The recorded haploid and diploid chromosomes number of L. idus in the former Yugoslavia is 25 (n) and 50-50 (2n) (Hinegardner and Rosen, 1972). It hybridizes with other European cyprinids including common carp and rudd (Schwartz, 1972; 1981). It has no known hybrids with native North American fishes (Nico and Fuller, 2008). Perea et al. (2010) have published on the phylogenetic relationships within the Leuciscinae inferred from mitchondrial and nuclear data, which included L. idus.

Reproductive Biology

L. idusmatures sexually at the age of 3-5 years and at total lengths varying from 22 cm to 43 cm (Banarescu, 1964; Cala, 1971). At maturity, males maybe smaller than females (Cala, 1971). In contrast, L. idusinhabiting a reservoir in a more northern location (Finnish Lapland) reached maturity at a larger size and older age (6-7 years) (Mutenia, 1978). It spawns in weedy or sandy shallow areas where the adhesive eggs attach to stones or vegetation (Wheeler, 1969; Cala, 1970). It usually spawns in April or May when water temperature is about 7-14°C (Wieser, 1991). Cala (1970) reported that spawning begins in the spring once the water reaches a temperature of about 5°C for 2-3 days. It spawns in schools over weed beds or gravel in shallow areas.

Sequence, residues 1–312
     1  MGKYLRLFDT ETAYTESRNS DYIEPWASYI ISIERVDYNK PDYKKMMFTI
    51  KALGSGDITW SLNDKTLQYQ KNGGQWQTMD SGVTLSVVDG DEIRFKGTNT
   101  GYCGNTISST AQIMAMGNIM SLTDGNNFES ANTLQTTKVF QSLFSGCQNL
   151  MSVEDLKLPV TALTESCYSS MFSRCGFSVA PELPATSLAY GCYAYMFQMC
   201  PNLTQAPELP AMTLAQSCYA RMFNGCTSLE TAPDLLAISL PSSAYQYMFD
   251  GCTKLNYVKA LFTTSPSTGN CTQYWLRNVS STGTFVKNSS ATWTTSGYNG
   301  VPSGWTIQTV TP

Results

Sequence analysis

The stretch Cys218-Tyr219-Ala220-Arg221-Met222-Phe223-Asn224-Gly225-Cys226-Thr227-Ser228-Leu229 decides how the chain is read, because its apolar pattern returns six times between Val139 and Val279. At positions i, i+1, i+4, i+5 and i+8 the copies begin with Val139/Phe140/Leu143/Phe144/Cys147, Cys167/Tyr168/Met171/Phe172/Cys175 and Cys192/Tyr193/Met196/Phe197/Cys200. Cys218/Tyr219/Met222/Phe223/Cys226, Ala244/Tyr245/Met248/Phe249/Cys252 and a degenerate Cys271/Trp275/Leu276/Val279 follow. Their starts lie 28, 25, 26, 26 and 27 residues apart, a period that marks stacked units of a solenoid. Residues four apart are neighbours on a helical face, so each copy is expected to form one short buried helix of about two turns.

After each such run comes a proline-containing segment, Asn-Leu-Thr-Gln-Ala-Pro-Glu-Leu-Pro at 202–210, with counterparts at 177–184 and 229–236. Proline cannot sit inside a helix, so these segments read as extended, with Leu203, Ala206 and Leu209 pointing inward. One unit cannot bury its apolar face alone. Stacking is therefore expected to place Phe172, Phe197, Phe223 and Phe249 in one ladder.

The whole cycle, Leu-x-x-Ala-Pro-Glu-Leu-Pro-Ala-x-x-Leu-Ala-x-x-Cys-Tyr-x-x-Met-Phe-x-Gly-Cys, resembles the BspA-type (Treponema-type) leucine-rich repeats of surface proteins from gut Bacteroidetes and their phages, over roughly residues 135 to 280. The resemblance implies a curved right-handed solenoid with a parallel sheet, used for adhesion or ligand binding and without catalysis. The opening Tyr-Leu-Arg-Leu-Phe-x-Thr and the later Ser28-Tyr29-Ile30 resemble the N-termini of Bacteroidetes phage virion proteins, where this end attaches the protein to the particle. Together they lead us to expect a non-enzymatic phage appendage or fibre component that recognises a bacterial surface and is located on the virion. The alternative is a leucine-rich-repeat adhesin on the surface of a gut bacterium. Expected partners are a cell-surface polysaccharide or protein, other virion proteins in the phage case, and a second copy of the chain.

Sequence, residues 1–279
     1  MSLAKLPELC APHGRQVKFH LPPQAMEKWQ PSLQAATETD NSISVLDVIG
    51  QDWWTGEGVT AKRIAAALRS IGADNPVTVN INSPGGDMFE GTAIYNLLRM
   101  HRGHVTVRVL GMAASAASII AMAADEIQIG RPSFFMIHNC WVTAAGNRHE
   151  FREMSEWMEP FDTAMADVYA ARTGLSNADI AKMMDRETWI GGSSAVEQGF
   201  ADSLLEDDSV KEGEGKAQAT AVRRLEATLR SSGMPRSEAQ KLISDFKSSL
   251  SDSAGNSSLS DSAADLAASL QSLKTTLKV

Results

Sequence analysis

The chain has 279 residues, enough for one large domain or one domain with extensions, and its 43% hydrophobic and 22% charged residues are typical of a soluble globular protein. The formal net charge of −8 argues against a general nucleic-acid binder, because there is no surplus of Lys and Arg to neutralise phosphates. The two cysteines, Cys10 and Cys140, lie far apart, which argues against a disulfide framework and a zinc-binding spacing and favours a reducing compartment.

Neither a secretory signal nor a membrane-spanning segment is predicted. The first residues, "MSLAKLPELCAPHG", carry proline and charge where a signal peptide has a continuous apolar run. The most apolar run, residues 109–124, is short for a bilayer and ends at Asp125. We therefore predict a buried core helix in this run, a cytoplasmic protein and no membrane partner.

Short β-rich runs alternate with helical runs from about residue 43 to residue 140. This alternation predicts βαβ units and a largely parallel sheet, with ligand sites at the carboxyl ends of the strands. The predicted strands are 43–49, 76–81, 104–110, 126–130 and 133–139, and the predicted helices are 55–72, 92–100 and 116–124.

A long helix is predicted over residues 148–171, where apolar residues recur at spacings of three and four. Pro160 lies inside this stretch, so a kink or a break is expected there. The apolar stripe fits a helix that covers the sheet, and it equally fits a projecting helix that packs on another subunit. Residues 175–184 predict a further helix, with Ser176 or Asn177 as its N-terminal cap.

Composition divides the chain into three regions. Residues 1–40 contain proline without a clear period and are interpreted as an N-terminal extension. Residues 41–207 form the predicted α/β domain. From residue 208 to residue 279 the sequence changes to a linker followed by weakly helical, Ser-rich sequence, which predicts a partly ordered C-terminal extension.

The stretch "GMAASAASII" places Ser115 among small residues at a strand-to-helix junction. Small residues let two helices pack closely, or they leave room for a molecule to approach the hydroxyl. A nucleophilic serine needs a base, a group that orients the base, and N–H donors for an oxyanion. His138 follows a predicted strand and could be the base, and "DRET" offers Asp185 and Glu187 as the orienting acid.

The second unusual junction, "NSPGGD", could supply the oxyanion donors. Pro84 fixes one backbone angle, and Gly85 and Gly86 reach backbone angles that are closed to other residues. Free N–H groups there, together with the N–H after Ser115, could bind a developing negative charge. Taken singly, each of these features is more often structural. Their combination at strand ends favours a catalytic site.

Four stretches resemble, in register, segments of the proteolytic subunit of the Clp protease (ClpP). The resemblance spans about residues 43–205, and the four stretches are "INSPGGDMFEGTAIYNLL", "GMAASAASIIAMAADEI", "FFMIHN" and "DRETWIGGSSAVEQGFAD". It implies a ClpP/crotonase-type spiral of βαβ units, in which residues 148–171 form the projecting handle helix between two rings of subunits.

The fecundity of L. iduscan be as low as 15,000 to as high as 125,000 (Banarescu, 1964) or range from 42,000 to 264,000 (Cala, 1971) depending on the country. Eggs are pale yellow in colour with a diameter of 2 mm in diameter (McDowall, 2000).Eggs are found attached to gravel, weed and stones in shallow water (Pinder, 2001). Hatching occurs in 1-2 weeks, producing young fish 8-10 mm long (McDowall, 2000). Incubation time of eggs depends on the water temperature, taking about 5 days at 18.5-22.0°C (Cala, 1970; Florez, 1972), with an optimal temperature of 12-18°C for embryonic development (Wieser, 1991).